The audio recordings from InfoWorld's SOA Executive Forum unfortunately weren't good enough to use on ITConversations, but I've been piecing together some excerpts. The first one, on debugging SOA, is here. In today's 13-minute podcast, four experts -- Microsoft's John Shewchuk, Cape Clear's Annrai O'Toole, Oracle's Edwin Khodabakchian, and Mindreef's Tim Ewald -- debate the always perplexing issue of synchronous versus asynchronous communication models.
My conclusion, which is that synchrony and asynchrony are networking's version of the wave/particle duality in physics, was reinforced by Jim Gray, whose appeareance on MSDN's Channel 9 I finally transferred to MP31 and listened to on a bike ride recently. Here's the part that stuck in my head:
Anybody who's written asynchronous code knows that the first question you ask yourself is, how could I avoid writing this code. Now, we live in a disconnected world, an occasionally connected world, you have to have queued programming, you have to have asynchrony, but you can program asynchrony as though it's synchronous, and in fact that's what I try to do. One of the early things I did was to work on locking and concurrency control, and developed the theory of serializability, and I got a Turing Award for figuring that stuff out, and...there are theorems there, and if you challenged me right now I could probably state them and probably prove them, but most people couldn't. The whole thing about that theory is that if you do this, it's as though there's no concurrency. Almost everybody operates above that theory and just counts on the SQL guys to make all the concurrency go away. You say Begin Transaction, you party on the data, you say Commit, and you don't have to worry about somebody changing the data underneath you. That's not concurrent.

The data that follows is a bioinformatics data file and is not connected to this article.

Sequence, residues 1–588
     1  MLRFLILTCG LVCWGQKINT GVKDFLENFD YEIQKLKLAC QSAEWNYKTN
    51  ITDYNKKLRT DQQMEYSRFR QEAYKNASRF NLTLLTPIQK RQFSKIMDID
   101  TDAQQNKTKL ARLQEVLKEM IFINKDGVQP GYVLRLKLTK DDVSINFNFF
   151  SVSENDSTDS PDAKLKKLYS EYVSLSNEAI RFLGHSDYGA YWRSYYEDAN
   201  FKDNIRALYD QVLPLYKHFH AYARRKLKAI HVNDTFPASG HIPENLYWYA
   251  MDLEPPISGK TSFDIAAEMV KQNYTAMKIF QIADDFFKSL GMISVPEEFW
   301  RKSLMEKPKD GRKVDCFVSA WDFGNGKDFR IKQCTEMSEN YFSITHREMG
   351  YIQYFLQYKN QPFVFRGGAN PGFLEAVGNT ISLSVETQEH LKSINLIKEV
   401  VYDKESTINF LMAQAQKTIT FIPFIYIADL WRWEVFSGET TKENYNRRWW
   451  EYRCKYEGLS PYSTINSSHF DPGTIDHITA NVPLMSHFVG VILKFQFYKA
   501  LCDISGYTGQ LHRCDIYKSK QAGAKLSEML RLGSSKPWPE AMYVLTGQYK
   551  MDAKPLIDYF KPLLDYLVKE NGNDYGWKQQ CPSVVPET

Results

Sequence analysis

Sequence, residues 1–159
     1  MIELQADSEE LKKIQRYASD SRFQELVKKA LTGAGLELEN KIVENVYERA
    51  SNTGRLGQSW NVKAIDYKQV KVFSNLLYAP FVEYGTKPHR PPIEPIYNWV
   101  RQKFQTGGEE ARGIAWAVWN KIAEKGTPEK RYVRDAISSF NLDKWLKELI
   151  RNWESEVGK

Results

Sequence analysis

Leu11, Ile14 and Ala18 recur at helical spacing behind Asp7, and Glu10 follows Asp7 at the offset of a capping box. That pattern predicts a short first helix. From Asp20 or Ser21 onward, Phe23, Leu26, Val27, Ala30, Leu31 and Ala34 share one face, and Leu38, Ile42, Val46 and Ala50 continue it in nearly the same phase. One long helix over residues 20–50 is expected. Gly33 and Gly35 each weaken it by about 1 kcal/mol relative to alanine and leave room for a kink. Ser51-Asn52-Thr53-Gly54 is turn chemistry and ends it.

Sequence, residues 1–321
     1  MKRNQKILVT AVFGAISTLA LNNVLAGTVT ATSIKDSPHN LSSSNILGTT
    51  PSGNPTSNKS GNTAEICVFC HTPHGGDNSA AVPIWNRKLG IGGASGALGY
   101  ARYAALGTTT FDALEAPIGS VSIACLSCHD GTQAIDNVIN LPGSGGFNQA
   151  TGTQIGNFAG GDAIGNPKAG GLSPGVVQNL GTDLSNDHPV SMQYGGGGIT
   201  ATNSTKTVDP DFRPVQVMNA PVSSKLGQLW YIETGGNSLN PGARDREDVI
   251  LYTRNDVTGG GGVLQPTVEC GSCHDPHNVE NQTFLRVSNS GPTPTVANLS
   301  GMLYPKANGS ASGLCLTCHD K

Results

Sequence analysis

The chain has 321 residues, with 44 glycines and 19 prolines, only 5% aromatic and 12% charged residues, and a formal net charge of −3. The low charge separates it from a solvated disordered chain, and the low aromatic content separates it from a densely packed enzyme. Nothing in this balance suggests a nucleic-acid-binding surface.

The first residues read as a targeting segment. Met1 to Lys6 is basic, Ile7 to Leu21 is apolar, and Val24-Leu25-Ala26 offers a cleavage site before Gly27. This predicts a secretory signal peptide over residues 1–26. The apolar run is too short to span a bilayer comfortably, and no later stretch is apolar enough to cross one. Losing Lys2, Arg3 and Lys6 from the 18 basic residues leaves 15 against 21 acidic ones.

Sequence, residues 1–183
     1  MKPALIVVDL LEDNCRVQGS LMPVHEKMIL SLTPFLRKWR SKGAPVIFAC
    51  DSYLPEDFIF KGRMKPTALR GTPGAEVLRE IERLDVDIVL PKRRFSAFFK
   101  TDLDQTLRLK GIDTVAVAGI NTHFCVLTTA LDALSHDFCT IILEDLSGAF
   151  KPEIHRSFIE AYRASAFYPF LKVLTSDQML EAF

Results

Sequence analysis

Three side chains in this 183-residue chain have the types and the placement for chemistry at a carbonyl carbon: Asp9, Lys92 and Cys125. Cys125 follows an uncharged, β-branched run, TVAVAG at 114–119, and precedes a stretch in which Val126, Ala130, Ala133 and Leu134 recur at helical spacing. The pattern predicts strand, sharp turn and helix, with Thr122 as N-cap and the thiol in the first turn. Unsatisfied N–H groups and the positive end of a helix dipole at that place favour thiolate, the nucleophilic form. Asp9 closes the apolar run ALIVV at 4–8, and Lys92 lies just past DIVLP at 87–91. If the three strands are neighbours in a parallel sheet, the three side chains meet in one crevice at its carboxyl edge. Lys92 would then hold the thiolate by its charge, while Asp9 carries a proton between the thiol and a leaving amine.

The whole business about asynchrony, what makes it complicated is the following, and it's not obvious that this is what makes it complicated but I think it's what makes it complicated, is that in a sequential program you think of a state machine, and you're in this state and then this state, and the number of states you can be in is n. Now you have two computers that are operating asynchronously, they each have n states, the problem is that the state space of the pair is n times n. The combinatorics is what drives you crazy. It makes testing really tough. It just makes conceptualization hard. So in fact the way people deal with it is to make it sequential. They put in locks, and say you do this and then I'll do this, and they cut that state space down to something they can get their head around.
Given that we're driving toward loosely-coupled services in software layer, and commodity clusters in hardware, this question of how to blend asynchrony with synchrony becomes paramount.
1 The mplayer solution I mentioned here works for both RealAudio and Windows Media. I subsequently got a tip about this free utility which works nicely to extract MP3 audio from Windows Media Video.
Former URL: http://weblog.infoworld.com/udell/2005/08/31.html#a1292